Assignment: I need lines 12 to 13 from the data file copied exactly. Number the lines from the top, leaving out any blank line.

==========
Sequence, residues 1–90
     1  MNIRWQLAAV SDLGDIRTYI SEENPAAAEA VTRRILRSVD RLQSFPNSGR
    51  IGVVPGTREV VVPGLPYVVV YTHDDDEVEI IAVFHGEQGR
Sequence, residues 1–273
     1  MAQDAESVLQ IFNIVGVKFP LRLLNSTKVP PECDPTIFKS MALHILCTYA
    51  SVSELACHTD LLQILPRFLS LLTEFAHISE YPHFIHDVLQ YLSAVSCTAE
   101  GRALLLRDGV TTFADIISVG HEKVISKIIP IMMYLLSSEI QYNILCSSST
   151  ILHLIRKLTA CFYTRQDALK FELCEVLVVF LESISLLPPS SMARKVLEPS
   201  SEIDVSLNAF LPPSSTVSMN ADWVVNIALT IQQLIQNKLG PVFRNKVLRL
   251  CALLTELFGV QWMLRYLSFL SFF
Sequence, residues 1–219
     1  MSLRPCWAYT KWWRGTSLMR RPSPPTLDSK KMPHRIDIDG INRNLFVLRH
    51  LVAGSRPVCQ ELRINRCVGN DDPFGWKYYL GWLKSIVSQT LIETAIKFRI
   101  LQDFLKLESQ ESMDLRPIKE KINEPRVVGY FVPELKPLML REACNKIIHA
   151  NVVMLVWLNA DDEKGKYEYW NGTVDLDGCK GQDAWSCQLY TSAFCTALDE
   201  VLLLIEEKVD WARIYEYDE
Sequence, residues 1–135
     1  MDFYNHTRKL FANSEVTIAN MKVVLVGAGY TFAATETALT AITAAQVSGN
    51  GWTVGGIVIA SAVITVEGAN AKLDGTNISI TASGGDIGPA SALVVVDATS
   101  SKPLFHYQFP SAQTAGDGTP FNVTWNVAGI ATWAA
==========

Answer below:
     1  MSLRPCWAYT KWWRGTSLMR RPSPPTLDSK KMPHRIDIDG INRNLFVLRH
    51  LVAGSRPVCQ ELRINRCVGN DDPFGWKYYL GWLKSIVSQT LIETAIKFRI